How expensive is this special equipment?

Landy: Beds are about $2,700 and up-that is, if the resident fits into a standard bariatric bed and doesn’t need one that’s custom-made. If someone weighs more than 500 pounds and is beyond a certain width, then a bed for that person becomes even more expensive.

I’ve seen wheelchairs that cost as much as $10,000. I understand why they’re more than standard chairs: They have to meet weight and usage requirements, have a certain turning radius, and feature sturdy tires that will roll without problems under the resident’s weight. The materials and seat structure must be strong enough. The same applies to lifts and slings.

Are residents in the bariatric population at increased risk of developing pressure ulcers?

Landy: For whatever reason, we haven’t noticed a higher risk. We have had bariatric residents arrive here with ulcers, and healing them was difficult. But they don’t appear to be more susceptible, and we take the same preventive precautions used for other residents. We’re in the habit of checking all our residents’ skin, of course, and we haven’t identified any particular problem with the extremely obese ones.

Are these residents at higher risk than the general population for certain diseases, such as diabetes?

Landy: Oddly enough, the incidence of diabetes in these residents at our facility has been fairly low. Some of them have had circulation or cardiac problems, but even those haven’t often occurred until the end of their lifespan. Many bariatric residents have complicated histories, with heart problems, seizures, and some mental health concerns but, overall, we don’t monitor them any differently than the general population.

I will say, though, that the CNAs are quite adept at sensing small changes in members of this population’s attitudes and feelings. They’ll be the first to tell you, “She’s not as interested in participating today. Please make sure nothing is wrong.” The CNAs are very vigilant with these residents.

Of course, we have the best CNAs in the world. They’re well seasoned-some with 30 years’ experience-and perceptive when it comes to something that might be wrong. They’re interested in our residents getting better and succeeding, and they’ll speak up if anything might interfere with that. This is the kind of caring attitude you see among people who have chosen, as a true calling, to work with the ill or disabled. One often hears the phrase “my resident,” followed by tales of improvements residents have made toward self-sufficiency. These nursing staff members are truly the most dedicated caregivers I have ever seen.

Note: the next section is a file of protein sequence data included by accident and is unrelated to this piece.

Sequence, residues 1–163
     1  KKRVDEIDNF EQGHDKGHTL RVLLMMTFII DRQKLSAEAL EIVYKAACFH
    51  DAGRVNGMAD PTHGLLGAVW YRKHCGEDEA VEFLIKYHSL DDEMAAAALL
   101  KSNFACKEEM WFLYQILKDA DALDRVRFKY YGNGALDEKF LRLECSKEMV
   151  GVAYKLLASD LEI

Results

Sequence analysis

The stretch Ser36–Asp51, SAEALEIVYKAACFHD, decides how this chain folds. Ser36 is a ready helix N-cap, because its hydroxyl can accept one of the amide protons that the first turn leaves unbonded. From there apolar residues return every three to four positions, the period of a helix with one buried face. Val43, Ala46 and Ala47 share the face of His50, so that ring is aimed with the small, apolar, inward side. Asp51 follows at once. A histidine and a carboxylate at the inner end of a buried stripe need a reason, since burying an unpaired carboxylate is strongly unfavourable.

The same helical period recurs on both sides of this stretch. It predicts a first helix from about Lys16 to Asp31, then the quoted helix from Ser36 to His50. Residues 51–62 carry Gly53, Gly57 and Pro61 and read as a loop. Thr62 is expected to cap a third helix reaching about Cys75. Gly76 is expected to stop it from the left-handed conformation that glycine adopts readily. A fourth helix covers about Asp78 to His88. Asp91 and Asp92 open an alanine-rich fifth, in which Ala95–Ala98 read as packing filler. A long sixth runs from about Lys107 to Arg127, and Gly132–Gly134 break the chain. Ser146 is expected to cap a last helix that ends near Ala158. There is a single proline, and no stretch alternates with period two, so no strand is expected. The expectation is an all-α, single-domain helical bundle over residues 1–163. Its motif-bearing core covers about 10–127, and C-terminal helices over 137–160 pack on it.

What’s the most challenging thing about caring for extremely obese residents and rehab clients?

Olsen-DeHon: On the physical/occupational therapy side, I think the biggest challenge is getting these people to take an active part in their own care and in letting us know how they’re progressing. Many of them previously did so poorly for so long that they’re used to being taken care of by others. It can be difficult to encourage them to shift into thinking it’s up to them if they’re going to get better.

This population is not likely to be out and active with the general population. We have to convey to them that they can meet goals and they can participate. We have to let them know that we can’t just give them a pill to make them become functional.

Our other primary challenge is maintaining the safety of both staff and residents. We have to make sure that the equipment staff are using for a given resident is rated for an adequate amount of weight and make sure staff are instructed in how to move residents so that no one gets hurt.

Landy: We have 11 different brands of lifts in our facility, because many items were donated or bought piece by piece over decades. To help us meet the safety challenge, each lift is clearly marked with its weight capacity and has a full-color, facility-made booklet attached. The booklets were created by facility maintenance staff and show in color photographs which slings can and cannot be used for each lift. This allows staff to select the correct lift and the correct sling for each resident based on the resident’s weight, physical abilities, and the equipment itself. It’s challenging to keep up with this, but it’s the area of the greatest amount of potential danger.

Other than the challenges we’ve mentioned, the bariatric population is no different from the rest of the residents. If they’re here for rehab, we want to see them get better and move on-either to their former level of independence or to some level of lesser assistance in assisted living or with family/friends. If they’re long-term residents, we want to see them become more independent. As is true of every other resident, we’re happy when they improve.

Besides having to purchase bariatric-sized equipment, have you needed to make any other adaptations to accommodate your extra-large residents?

Landy: We’ve chosen to put them all on same unit, for the sake of equipment sharing. This unit has extra-large commodes, and we had to widen the resident room and bathroom doors. In some cases, we had to open up some walls so that the rooms would be large enough for the beds and other equipment. I really recommend that to anyone who is planning to admit bariatric residents. NH